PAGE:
MONTREAL -- Quebec's Mauricie region is expanding its pandemic resources following a spike in new COVID-19 cases.

On Tuesday, Jean Boulet, the minister responsible for the region and CIUSSS de la Mauricie-et-du-Centre-du-Quebec deputy president Gilles Hudon announced a mobile vaccination clinic would be deployed in Trois-Rivieres from Wednesday to Saturday and that the search was on for a site to house a temporary screening centre.

Hudon also said teams of health and safety professionals would be deployed to “crisscross the downtown, go to restaurants and bars to educate people about the importance of public health measures” on Thursday and Friday.

Boulet added that the government is “ready to deploy a vaccination passport if the situation deteriorates,” adding that that step remains “hypothetical” for the moment.

The minister added an optimistic note, saying that only a few thousand more people require vaccines to hit the government's target of 75 per cent in the region.

“The situation is worrying but still under control,” said Hudon.

The rise in cases, which include 98 new cases in the last four days, is being driven by young people who “are not vaccinated or who have received only one dose,” according to Hudon.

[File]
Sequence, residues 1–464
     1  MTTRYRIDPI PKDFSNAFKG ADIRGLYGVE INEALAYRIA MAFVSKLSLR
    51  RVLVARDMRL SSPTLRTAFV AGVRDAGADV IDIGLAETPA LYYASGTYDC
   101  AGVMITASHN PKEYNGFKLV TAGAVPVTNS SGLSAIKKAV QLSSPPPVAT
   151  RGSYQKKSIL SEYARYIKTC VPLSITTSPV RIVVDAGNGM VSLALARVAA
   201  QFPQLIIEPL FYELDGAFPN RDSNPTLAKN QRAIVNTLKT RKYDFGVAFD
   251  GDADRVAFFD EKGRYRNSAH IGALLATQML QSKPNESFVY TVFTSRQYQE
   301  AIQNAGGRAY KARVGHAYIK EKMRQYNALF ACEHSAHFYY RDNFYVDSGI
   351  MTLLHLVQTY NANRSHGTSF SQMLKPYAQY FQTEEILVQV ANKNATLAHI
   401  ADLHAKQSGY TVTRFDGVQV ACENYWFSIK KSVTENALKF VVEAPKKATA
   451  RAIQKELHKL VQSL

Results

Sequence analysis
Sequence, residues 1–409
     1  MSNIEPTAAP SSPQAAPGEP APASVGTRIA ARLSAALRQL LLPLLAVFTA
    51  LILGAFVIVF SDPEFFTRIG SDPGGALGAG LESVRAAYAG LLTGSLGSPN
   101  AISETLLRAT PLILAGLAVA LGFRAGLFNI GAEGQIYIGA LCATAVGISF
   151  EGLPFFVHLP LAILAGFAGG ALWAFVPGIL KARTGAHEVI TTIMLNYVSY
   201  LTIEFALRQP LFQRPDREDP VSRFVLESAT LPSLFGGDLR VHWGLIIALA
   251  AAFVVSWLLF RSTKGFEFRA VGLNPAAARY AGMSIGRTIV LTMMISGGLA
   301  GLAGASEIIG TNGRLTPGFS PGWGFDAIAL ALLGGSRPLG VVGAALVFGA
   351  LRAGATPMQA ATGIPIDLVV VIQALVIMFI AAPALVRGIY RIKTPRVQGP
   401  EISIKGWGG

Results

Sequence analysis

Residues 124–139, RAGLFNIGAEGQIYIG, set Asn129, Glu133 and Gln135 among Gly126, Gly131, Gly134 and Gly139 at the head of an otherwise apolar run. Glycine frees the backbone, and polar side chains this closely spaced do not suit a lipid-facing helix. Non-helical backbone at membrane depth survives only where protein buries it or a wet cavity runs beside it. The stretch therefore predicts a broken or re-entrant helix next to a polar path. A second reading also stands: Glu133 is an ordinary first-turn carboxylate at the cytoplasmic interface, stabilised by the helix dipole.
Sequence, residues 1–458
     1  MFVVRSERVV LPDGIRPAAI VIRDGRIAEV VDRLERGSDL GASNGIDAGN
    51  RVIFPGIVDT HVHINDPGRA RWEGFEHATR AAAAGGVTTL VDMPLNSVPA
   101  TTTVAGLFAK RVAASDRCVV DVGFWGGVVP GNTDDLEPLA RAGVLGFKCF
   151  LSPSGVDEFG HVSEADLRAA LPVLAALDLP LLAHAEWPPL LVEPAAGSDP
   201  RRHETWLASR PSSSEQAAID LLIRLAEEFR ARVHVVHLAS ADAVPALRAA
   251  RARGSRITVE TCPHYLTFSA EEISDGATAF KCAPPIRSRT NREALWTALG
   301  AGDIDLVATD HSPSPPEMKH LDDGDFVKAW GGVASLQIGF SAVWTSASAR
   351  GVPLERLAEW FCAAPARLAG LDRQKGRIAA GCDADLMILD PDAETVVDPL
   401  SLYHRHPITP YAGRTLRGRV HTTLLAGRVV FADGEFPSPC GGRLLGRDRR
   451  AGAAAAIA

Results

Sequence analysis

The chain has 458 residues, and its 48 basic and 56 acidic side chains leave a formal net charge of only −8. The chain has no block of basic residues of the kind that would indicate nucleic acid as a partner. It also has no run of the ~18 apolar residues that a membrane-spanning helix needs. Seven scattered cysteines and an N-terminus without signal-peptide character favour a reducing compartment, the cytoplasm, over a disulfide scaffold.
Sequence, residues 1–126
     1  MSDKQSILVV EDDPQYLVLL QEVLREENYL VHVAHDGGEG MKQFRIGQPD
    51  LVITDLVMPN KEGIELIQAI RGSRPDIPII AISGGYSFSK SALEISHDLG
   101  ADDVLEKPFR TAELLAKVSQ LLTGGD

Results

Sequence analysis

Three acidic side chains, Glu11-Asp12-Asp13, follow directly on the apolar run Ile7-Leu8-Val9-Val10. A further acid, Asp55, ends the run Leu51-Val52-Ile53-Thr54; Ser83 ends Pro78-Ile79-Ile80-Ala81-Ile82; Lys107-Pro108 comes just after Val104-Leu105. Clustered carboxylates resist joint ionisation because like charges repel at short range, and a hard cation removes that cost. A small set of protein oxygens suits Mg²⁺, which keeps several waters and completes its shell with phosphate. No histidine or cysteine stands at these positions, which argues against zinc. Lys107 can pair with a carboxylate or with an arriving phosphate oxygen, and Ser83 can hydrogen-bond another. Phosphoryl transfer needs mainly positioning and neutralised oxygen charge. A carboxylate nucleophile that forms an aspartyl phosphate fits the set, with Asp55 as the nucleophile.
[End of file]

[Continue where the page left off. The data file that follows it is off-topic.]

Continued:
“The events that are causing the increase in cases, at present, are really parties with friends, family reunions and frequenting bars,” said Daniele Samson, medical officer for the regional directorate of public health.

According to data from the Quebec Institute of Public Health (INSPQ), only 42 per cent of Mauricie residents between the ages of 18 and 29 have been fully vaccinated as of Monday, compared to 59 per cent of the region's total population.

Samson said the most prevalent variant of COVID-19 found in the Mauricie outbreaks is the Alpha, or British variant.

As of Monday, 150 active cases of COVID-19 have been identified in the Mauricie and Centre-du-Quebec region, which is more than triple the amount from last week. A week earlier, that number was only seven.

Trois-Riviieres has been particularly hard hit, with 67 active cases of COVID-19 per 100,000 inhabitants, compared to 37 for Laval and 22 for Greater Montreal.

-- This report by The Canadian Press was first published in French on Aug. 3, 2021.

This article has been produced with financial support from the Facebook and The Canadian Press News Scholarships.